This “Outside Consultant” column by Casey Frid, associate professor in the Department of Entrepreneurship at the Opus College of Business, ran in the Star Tribune on Jan. 11, 2021.

A mission statement is really about how a company plans to pursue its goals. These goals can revolve around the pursuit of market leadership, operating efficiency or customer satisfaction, as just a few examples. An organization may also touch on a number of themes in its mission, but these may or may not include what we might term “corporate purpose.” When we talk about corporate purpose, this is more about the core reason for being. It is the impact an organization wants to have on the world or on its surrounding community. And, this desired impact is grounded in shared values.

For instance, the craft beer industry nationwide is defined in some ways by shared values such as paying it forward and helping new businesses address challenges inherent to entering a given segment. In fact, similar values are shared by businesses in a number of other artisanal or craft-based categories.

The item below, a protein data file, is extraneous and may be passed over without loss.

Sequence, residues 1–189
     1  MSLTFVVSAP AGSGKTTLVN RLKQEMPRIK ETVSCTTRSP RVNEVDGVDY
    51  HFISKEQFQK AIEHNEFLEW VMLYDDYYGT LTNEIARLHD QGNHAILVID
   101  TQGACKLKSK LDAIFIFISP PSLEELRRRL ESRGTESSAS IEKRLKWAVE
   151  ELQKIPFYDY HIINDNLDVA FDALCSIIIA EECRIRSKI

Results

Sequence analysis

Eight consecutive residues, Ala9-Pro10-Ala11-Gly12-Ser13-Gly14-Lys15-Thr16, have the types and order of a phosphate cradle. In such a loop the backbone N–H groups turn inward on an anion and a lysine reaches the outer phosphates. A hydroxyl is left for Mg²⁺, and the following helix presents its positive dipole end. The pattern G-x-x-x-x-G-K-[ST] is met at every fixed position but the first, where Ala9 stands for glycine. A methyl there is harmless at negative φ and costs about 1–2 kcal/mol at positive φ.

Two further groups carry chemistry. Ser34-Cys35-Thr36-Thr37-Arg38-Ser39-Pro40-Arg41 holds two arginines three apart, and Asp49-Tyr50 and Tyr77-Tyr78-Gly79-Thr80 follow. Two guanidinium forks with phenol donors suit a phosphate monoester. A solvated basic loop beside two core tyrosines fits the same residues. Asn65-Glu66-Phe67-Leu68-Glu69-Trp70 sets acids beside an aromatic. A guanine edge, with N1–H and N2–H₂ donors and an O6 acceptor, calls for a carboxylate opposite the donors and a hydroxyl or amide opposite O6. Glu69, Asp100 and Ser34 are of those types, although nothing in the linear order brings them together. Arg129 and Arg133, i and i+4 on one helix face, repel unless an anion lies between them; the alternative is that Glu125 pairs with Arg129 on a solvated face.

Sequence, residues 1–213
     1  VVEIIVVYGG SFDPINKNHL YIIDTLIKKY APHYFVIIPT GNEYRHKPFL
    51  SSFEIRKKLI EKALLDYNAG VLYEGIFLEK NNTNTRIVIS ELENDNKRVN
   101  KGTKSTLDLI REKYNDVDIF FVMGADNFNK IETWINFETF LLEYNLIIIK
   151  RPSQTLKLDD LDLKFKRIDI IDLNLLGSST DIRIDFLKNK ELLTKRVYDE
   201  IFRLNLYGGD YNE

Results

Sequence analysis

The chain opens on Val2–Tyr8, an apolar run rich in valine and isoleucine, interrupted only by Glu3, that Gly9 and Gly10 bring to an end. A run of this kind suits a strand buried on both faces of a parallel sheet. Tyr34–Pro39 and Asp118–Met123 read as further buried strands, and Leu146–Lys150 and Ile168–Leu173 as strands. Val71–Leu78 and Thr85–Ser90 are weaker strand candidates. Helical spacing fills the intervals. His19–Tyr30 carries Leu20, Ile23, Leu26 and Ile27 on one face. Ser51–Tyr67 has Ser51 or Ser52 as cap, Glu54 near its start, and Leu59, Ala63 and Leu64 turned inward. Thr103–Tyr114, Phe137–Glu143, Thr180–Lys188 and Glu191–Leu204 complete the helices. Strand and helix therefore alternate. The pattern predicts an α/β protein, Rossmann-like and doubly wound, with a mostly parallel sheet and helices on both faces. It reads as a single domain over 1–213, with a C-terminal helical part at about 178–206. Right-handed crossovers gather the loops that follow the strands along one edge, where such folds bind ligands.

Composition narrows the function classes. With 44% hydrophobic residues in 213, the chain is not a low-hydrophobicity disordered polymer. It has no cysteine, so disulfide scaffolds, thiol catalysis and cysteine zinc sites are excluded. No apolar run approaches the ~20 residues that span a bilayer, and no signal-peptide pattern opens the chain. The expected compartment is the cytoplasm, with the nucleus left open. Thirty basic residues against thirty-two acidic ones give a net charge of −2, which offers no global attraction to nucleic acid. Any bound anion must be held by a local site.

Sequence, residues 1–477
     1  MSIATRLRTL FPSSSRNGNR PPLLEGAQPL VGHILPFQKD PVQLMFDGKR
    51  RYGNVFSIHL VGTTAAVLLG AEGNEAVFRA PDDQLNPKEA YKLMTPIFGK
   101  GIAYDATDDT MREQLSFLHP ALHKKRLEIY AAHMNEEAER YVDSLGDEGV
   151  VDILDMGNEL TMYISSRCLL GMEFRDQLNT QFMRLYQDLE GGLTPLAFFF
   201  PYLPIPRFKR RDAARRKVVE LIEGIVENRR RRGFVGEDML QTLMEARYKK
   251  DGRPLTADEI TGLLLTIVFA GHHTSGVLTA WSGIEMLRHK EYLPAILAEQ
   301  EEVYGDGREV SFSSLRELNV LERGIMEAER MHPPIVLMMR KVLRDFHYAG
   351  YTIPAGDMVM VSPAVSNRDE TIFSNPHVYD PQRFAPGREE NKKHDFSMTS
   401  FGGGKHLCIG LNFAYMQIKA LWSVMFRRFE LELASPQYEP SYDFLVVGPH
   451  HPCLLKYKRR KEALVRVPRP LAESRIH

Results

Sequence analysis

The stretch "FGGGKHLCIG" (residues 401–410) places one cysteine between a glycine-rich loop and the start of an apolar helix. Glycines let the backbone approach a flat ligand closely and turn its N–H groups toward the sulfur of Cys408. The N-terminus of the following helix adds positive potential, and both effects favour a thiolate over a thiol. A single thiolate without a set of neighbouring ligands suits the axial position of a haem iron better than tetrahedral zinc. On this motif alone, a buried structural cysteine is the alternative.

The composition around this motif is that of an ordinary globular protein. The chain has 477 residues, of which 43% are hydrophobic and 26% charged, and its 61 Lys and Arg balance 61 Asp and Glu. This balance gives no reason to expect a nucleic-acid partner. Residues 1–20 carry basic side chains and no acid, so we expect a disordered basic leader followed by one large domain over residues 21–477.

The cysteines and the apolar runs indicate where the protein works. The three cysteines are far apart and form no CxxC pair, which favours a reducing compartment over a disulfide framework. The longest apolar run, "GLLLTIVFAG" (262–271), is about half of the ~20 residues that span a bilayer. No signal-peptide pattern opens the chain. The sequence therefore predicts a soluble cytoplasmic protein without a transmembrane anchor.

It’s interesting to see the roles that founders of these businesses adopt, and how these roles can evolve with the growth of their businesses. In Minneapolis-St. Paul, we find that many owners in a sense become stewards of the entire ecosystem. For example, in my research on how business relates to community, I came across founders that spent a significant amount of time really helping to lay the groundwork in the community – by sitting on neighborhood boards, writing to politicians and crafting op-eds for the local paper around issues such as zoning laws. They sought to do everything possible policy-wise to ensure others starting a business in their industry did not have to jump over the same hurdles that they had to surpass when they started.

In interview after interview that our team conducted, we noticed that many business owners didn’t talk directly about making money or explicitly mention the competition; they relied on a totally different language that was much more relational than it was transactional. It was much more about quality. It was about how we can educate the consumer base so that they can develop an understanding of the potential of the product. The words they used shed light on these core shared values that lie at the heart of corporate purpose.

Casey Frid is an assistant professor in the Department of Entrepreneurship at the University of St. Thomas Opus College of Business.

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